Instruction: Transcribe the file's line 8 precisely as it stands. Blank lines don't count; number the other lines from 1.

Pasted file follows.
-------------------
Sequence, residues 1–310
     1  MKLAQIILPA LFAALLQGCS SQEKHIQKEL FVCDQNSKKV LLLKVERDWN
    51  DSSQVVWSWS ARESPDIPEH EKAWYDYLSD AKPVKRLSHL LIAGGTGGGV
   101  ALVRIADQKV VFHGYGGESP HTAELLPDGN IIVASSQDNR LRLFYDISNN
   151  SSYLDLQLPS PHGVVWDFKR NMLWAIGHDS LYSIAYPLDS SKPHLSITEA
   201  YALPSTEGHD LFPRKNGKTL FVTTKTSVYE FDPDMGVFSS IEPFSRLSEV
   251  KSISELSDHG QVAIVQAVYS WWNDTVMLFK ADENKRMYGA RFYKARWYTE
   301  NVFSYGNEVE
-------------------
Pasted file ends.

   301  NVFSYGNEVE